If you have more than one day, head out to some of the other temples, we visited Banteay Srei which is about an hours tuk-tuk ride from Siem Reap. It is believed to have been built by women due to the intricate carvings, they believe it’s too delicate to have been done by men.
Flight of the Gibbon is located inside the Angkor Archaeological Park so you will need park pass to get in. I wasn’t aware of this so it was lucky that we still had one day left from our three day passes and didn’t need to buy another ticket. Make sure you take this into account if you are planning on doing this activity.
I suggest that you do the zip lining in the morning as it starts to get really hot and humid at around 11 am. You do need to have a moderate level of fitness to really get the most of this activity. Our 3 kids were aged 11, 9 and 7 when we went and they had no issues or difficulties with doing it, me, that was another story! The harnesses are checked then double checked and then checked again at each platform. They are also double anchored to the platform and zip line at all times. I had no concerns with the safety aspect of the tour and found our guides, Sophal and Tida to be competent and thorough in their systematic safety checks as we went along.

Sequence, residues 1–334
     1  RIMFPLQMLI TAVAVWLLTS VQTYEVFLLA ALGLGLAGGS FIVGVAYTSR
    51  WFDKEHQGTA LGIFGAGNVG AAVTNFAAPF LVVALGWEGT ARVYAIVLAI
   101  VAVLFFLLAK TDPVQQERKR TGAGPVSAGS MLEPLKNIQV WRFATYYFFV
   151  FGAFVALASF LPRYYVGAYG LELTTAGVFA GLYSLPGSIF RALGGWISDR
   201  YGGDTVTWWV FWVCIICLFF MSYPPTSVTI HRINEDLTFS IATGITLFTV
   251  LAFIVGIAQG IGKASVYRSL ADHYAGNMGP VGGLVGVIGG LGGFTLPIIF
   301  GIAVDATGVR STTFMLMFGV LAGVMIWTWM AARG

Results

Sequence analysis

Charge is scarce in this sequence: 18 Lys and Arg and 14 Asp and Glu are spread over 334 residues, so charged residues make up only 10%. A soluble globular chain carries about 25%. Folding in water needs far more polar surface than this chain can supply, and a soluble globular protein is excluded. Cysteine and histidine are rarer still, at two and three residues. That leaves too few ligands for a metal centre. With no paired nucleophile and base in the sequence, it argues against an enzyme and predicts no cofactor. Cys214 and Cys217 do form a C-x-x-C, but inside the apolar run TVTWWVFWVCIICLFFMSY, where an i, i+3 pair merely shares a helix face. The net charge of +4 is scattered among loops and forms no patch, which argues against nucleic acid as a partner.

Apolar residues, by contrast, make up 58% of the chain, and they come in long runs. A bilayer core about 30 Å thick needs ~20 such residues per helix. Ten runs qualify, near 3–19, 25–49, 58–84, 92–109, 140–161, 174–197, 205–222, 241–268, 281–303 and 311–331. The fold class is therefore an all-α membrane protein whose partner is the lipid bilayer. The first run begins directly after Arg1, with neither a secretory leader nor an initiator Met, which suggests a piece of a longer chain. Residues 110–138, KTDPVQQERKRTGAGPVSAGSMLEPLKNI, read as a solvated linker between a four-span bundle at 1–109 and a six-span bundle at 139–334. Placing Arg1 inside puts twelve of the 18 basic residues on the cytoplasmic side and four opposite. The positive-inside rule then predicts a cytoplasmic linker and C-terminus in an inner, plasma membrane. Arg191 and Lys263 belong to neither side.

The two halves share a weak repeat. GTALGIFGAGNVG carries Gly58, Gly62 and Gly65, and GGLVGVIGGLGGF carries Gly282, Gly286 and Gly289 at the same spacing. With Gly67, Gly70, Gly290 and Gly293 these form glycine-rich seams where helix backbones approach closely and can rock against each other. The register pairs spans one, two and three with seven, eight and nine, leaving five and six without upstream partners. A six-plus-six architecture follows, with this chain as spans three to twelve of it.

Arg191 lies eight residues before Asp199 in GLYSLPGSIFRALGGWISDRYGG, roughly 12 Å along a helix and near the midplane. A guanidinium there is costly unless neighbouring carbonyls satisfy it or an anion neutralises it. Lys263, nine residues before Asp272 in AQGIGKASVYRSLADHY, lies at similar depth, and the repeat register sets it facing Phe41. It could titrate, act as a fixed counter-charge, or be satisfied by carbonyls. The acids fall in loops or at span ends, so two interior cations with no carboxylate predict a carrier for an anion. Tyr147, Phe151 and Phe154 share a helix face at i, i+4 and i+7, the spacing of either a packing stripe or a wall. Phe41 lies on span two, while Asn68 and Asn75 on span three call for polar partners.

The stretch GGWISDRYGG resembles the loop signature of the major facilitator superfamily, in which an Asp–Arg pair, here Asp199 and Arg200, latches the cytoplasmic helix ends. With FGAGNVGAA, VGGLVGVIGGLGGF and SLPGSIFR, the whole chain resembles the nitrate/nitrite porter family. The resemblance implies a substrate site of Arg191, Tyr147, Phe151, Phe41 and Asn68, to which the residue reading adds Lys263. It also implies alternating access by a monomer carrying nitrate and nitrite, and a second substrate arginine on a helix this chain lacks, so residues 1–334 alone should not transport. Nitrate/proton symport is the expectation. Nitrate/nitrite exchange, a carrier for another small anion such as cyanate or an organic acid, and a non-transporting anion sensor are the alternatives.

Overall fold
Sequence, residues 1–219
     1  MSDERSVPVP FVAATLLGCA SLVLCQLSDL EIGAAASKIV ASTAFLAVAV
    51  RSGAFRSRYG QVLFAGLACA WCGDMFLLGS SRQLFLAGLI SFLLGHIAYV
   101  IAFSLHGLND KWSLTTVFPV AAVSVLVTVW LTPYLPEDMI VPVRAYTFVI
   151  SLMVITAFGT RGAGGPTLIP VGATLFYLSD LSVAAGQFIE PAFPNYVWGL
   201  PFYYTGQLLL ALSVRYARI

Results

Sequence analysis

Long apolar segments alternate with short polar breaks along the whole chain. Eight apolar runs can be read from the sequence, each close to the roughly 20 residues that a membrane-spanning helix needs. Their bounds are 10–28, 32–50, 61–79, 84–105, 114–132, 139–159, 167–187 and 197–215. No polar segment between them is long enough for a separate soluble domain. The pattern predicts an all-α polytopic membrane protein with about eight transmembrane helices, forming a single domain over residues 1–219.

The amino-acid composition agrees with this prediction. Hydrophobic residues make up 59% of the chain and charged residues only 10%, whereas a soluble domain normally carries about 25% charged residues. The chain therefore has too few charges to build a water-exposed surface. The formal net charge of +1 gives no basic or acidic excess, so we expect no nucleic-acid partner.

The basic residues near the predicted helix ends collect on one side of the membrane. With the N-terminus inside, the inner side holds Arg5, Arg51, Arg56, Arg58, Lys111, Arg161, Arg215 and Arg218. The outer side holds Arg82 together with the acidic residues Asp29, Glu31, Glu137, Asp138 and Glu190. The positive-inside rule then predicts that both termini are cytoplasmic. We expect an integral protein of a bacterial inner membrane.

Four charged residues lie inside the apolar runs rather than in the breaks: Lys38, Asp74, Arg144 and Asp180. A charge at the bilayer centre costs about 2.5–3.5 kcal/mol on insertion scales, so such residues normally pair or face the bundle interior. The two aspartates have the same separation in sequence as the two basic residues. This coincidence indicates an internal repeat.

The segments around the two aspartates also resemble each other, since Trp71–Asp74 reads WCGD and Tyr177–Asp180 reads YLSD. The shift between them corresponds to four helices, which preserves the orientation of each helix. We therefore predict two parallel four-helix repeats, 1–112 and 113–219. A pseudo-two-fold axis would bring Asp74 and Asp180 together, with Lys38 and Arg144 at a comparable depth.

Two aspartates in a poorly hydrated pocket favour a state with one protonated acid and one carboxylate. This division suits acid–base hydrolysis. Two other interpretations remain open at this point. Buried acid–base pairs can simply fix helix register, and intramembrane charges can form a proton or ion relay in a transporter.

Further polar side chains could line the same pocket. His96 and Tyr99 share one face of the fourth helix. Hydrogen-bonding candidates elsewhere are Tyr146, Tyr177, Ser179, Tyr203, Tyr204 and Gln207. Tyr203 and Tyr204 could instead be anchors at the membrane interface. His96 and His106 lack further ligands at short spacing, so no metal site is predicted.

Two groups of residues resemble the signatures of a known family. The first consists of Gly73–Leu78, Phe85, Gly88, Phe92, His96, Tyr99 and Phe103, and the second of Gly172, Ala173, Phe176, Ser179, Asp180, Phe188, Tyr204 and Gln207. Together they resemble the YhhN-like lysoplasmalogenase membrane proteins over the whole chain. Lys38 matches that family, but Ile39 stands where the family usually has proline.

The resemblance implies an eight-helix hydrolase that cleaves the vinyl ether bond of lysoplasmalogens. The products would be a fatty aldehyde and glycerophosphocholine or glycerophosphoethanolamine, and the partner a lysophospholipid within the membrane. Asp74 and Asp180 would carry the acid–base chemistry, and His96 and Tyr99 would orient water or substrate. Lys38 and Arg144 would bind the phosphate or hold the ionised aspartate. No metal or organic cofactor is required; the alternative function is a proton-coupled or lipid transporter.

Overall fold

The kids were a little nervous at the beginning but they put themselves outside their comfort zones and gave it a red hot go and they loved it. You could see their confidence grow and by the end they were zip lining with no hands and flying like birds through the air! Click the link to read my full review of our experience zip lining in Siem Reap.
Cambodia’s answer to Cirque du Soleil! The circus is performed by former street kids or disadvantaged youth and provides them with an income source to help break the cycle of poverty. The circus originated in Battambang a few hours from Siem Reap but since the purpose built tent was erected in Siem Reap it’s now a permanent fixture on the tourist trail. All proceeds from the circus go back into the community to assist with eliminating poverty and assisting those in need.